Clayton Kershaw shines

Los Angeles Dodgers starting pitcher Clayton Kershaw throws to the plate during the first inning.
Dodgers starting pitcher Clayton Kershaw delivers during a 3-0 exhibition win Sunday over the Angels at Dodger Stadium. (Mark J. Terrill / Associated Press)

Dodgers left-hander Clayton Kershaw was dominant in his final exhibition tuneup, blanking the Angels on three hits, striking out seven and walking none in a 3-0 victory over the Angels that took a mere 2 hours 8 minutes.

“How fast was that game tonight? That was nuts,” said Kershaw, who had two pitch-clock violations. “Hopefully, they sell enough beer.”

Kershaw retired the first 11 batters, five by strikeout, before Ohtani singled to right field with two outs in the fourth. Kershaw gave up two-out singles to Urshela and Logan O’Hoppe in the fifth before getting Jeremiah Jackson to ground out.

Kershaw threw 74 pitches, 51 for strikes. His slider, which averaged 86.5 mph, was particularly effective, producing 10 swinging strikes.

“Overall, it was definitely better than it has been,” Kershaw said. “The slider was definitely better. I threw some bad ones too, but overall, the consistency was better, I finally got some swings and misses with it tonight; the fastball command was better. Definitely a step forward. It’s time to go.”

Roster moves

Dodgers right fielder Mookie Betts, left, talks with Angels center fielder Mike Trout before a spring game on March 3.
Dodgers right fielder Mookie Betts, left, talks with Angels center fielder Mike Trout before a spring game on March 3. (Ross D. Franklin / Associated Press)

The Dodgers’ opening-day roster seems a bit imbalanced, with six outfielders — Mookie Betts, Chris Taylor, Trayce Thompson, Jason Heyward, David Peralta and James Outman — and only four infielders, first baseman Freddie Freeman, second baseman Miguel Vargas, shortstop Miguel Rojas and third baseman Max Muncy.

But Taylor’s ability to play shortstop and third base and Betts’ ability to play second base eliminated the need for a traditional utility infielder. With three outfielders who hit from the right side and three from the left side, there will be plenty of platooning.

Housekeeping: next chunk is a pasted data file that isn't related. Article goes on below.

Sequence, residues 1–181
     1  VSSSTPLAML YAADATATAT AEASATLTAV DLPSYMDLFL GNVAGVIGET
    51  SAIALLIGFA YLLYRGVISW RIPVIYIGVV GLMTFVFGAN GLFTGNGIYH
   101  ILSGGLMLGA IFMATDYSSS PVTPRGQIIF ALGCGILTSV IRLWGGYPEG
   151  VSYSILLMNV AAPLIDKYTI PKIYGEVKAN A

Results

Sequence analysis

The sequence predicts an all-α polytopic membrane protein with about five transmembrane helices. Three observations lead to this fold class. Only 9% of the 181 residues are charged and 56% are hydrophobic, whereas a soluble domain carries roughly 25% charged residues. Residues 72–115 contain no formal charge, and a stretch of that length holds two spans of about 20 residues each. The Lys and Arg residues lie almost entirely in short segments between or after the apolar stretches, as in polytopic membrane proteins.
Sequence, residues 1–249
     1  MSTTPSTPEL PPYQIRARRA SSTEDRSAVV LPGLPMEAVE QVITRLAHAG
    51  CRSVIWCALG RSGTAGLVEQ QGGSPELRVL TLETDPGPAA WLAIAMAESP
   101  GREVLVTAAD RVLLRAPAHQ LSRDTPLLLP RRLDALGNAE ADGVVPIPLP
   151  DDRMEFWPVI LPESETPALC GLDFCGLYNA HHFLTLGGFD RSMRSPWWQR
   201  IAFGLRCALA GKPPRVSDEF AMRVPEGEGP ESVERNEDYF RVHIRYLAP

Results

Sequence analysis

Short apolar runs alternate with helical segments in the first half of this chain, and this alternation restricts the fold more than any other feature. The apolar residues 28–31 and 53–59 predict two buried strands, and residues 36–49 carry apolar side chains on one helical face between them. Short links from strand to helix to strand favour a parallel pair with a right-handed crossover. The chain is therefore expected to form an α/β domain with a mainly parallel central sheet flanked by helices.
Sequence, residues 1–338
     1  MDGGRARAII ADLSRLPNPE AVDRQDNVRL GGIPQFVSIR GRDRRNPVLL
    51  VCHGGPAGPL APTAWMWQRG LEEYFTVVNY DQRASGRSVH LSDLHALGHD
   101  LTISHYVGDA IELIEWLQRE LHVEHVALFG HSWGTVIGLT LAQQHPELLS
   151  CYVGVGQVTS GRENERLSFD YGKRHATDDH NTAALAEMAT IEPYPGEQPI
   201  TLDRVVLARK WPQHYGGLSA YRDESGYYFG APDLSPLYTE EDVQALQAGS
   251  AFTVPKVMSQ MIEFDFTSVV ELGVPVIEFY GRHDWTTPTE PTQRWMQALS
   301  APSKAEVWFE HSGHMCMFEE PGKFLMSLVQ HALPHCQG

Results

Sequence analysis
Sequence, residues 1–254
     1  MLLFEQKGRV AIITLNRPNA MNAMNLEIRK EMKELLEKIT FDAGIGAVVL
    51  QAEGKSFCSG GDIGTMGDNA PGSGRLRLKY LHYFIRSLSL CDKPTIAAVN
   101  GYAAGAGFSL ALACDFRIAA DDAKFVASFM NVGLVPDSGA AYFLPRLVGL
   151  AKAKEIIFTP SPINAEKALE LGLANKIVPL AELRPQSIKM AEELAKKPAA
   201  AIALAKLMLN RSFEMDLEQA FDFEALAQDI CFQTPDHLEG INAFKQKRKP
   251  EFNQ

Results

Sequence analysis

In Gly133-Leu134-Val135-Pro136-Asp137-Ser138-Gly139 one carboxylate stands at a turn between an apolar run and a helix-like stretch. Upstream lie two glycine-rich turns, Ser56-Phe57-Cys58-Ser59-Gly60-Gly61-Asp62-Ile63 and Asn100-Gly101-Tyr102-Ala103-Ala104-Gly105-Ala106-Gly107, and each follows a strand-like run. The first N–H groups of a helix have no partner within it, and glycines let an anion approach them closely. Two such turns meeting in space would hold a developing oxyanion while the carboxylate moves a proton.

“I think we just went with the 13 best players, and we’ll figure out how we're going to divide up playing time,” Dodgers manager Dave Roberts said. “I don't want to pin myself into a corner right now, but [some decisions will be determined by] matchups. There's keeping guys current by playing. There's a lot that's going to go into playing time.”

Left-hander Julio Urías will make the opening-day start against Arizona Thursday night, and he will be followed in the rotation by Dustin May, Kershaw, Noah Syndergaard and Ryan Pepiot.

The bullpen will consist of right-handers Evan Phillips, Brusdar Graterol, Yency Almonte, Phil Bickford, Andre Jackson and Shelby Miller and left-handers Alex Vesia and Caleb Ferguson.

Short hops

Muncy and Taylor opened the second inning with solo homers off Angels left-hander Tucker Davidson. … Rendon was not at the game, Nevin saying that Rendon’s daughter broke her arm. His daughter is expected to be OK. … Angels infielder David Fletcher received treatment in Anaheim after being scratched from Saturday’s Cactus League game because of abdomen/groin tightness. Nevin said that if he feels good, Fletcher will play Monday in Anaheim. … Angels catcher Max Stassi, who has been away from the team because of a family emergency, returned to the Angels’ Tempe, Ariz., facility to get ramped up for the season. He was the designated hitter in a minor league game but had to exit early after feeling something in his hip.

Staff writer Sarah Valenzuela contributed to this report. 

This story originally appeared in Los Angeles Times.